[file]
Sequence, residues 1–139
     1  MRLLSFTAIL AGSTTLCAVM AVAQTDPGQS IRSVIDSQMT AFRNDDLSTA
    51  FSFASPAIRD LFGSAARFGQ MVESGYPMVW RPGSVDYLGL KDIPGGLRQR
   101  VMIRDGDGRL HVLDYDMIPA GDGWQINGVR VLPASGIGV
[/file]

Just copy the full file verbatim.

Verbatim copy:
Sequence, residues 1–139
     1  MRLLSFTAIL AGSTTLCAVM AVAQTDPGQS IRSVIDSQMT AFRNDDLSTA
    51  FSFASPAIRD LFGSAARFGQ MVESGYPMVW RPGSVDYLGL KDIPGGLRQR
   101  VMIRDGDGRL HVLDYDMIPA GDGWQINGVR VLPASGIGV